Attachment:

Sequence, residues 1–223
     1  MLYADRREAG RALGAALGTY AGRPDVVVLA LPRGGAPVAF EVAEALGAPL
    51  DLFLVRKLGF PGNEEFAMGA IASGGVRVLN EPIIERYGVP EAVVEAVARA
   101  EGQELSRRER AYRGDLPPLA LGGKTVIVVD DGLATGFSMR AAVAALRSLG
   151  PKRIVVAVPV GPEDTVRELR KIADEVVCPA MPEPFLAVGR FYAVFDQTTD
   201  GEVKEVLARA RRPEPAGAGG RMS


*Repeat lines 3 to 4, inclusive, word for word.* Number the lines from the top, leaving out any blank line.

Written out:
    51  DLFLVRKLGF PGNEEFAMGA IASGGVRVLN EPIIERYGVP EAVVEAVARA
   101  EGQELSRRER AYRGDLPPLA LGGKTVIVVD DGLATGFSMR AAVAALRSLG